THE MISSION OF CHRIST. 397
as to what the nature of the punishments and rewards must be. It being manifestly impossible for us to know, affirmatively, the particular modes of spiritual existence, we can arrive at a conclusion only by the method of exclusion. We must, therefore, begin by excluding all idea of material penalties or rewards. All such conceptions of spiritual life must be relegated to the dark ages of human intelligence, when man was able to conceive of no joy apart from physical pleasure, and no punishment other than physical suffering. Our conceptions must, therefore, be limited by what we know of the nature and attributes of the soul, as exhibited through phenomena. The first question, then, is, What do we know of the attributes of the soul?
We know, first, that it is the seat of the emotions. It is therefore capable of being rewarded or punished through the natural affections.
Secondly, we know that it possesses the inherent power of perception of the laws of nature and of God, including the eternal, God-ordained principles of right and wrong. It will, therefore, after its release from the body, be able to estimate the value of every good deed, and realize the inherent infamy of every wrong one, as weighed in the scales of Eternal Justice.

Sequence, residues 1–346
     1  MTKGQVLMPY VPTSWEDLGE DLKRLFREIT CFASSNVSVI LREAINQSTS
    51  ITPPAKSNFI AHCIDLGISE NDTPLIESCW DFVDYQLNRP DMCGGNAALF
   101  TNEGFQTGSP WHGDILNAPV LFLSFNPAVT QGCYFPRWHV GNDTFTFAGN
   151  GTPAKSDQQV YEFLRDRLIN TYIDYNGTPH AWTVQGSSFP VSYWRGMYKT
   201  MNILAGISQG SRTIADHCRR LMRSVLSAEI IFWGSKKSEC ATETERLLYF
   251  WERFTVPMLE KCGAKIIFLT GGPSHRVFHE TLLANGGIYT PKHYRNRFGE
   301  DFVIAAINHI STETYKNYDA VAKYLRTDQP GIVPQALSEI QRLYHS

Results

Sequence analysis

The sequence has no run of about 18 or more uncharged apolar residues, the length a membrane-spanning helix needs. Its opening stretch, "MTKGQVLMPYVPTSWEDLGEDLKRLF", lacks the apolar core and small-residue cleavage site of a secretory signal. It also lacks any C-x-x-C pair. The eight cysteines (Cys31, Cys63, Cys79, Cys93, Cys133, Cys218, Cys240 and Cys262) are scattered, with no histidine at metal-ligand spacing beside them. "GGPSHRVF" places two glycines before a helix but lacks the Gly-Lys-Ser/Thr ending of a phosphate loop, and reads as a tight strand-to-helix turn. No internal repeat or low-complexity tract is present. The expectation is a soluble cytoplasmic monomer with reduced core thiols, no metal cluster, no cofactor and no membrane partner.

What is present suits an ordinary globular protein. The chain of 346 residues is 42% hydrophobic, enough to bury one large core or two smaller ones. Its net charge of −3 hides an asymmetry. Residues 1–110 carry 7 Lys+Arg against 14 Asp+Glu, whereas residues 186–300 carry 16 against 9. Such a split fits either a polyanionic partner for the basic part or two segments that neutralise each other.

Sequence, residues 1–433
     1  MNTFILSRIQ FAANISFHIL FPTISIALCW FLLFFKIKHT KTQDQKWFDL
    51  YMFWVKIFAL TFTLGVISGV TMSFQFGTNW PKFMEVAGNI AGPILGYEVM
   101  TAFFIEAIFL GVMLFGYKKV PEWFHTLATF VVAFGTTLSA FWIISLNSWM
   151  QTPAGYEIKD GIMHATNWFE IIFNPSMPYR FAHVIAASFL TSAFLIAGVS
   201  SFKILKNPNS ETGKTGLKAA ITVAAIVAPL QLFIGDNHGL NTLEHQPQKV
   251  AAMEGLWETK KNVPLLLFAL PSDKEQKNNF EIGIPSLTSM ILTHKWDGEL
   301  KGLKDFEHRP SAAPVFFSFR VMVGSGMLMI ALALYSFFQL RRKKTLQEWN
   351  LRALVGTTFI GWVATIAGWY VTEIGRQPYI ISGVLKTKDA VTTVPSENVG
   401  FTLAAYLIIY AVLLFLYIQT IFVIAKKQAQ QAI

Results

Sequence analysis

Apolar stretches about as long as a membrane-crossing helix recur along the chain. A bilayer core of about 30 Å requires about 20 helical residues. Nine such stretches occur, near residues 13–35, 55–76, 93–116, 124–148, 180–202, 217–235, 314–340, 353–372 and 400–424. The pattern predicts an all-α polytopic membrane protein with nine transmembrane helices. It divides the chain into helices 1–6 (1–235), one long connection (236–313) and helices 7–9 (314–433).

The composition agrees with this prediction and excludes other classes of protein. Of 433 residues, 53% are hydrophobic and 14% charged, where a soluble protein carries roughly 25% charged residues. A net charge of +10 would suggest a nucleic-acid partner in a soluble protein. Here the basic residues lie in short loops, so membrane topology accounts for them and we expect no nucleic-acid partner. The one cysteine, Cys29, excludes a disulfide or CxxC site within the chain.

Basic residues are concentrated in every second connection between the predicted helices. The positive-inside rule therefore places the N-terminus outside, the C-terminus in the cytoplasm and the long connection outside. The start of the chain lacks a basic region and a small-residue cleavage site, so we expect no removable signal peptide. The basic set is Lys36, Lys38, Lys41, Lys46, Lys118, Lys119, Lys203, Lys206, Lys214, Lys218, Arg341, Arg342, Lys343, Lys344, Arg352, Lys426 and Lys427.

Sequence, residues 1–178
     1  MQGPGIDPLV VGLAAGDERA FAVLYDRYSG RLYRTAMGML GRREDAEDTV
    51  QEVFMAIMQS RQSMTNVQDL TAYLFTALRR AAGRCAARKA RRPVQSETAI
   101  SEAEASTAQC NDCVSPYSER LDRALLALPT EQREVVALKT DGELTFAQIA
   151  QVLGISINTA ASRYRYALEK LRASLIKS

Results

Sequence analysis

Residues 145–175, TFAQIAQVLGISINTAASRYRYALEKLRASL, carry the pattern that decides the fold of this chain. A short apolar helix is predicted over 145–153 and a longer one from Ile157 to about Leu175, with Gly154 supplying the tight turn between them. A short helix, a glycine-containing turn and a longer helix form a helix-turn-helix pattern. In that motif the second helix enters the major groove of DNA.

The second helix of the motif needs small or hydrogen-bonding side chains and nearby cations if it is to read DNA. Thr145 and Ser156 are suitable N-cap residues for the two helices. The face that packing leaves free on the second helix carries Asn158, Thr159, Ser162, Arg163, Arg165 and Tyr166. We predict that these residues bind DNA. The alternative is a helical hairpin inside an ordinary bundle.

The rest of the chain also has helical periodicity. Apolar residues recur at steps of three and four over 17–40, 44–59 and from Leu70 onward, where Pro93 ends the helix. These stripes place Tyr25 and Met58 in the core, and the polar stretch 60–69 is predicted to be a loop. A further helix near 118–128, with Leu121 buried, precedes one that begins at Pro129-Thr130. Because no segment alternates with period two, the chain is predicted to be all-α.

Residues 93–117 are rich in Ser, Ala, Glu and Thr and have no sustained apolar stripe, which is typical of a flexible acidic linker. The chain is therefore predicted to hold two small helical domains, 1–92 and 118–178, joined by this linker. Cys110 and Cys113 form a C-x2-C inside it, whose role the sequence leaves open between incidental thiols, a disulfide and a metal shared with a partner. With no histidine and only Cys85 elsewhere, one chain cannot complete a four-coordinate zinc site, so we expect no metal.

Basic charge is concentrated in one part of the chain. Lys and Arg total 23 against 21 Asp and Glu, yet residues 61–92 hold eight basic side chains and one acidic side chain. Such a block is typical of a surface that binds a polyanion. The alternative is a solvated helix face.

Thirdly and lastly, we know of one attribute and power of the human soul more pregnant with weal or woe, with joy or sorrow, than all the others combined; and that is its perfect memory.
These are the essential things that we know of the soul from the observation of phenomena. Our conceptions of it, therefore, are limited to its intellectual, moral, and emotional attributes. We know it only as an intellectual entity, and our conceptions of the rewards and punishments adequate to the ends of Divine Justice must be limited accordingly.
Little need be said in explanation of the trend of this brief summary. The conclusions are obvious. We have before us an intellectual entity capable of experiencing all the natural emotions of humanity, of joy and sorrow, of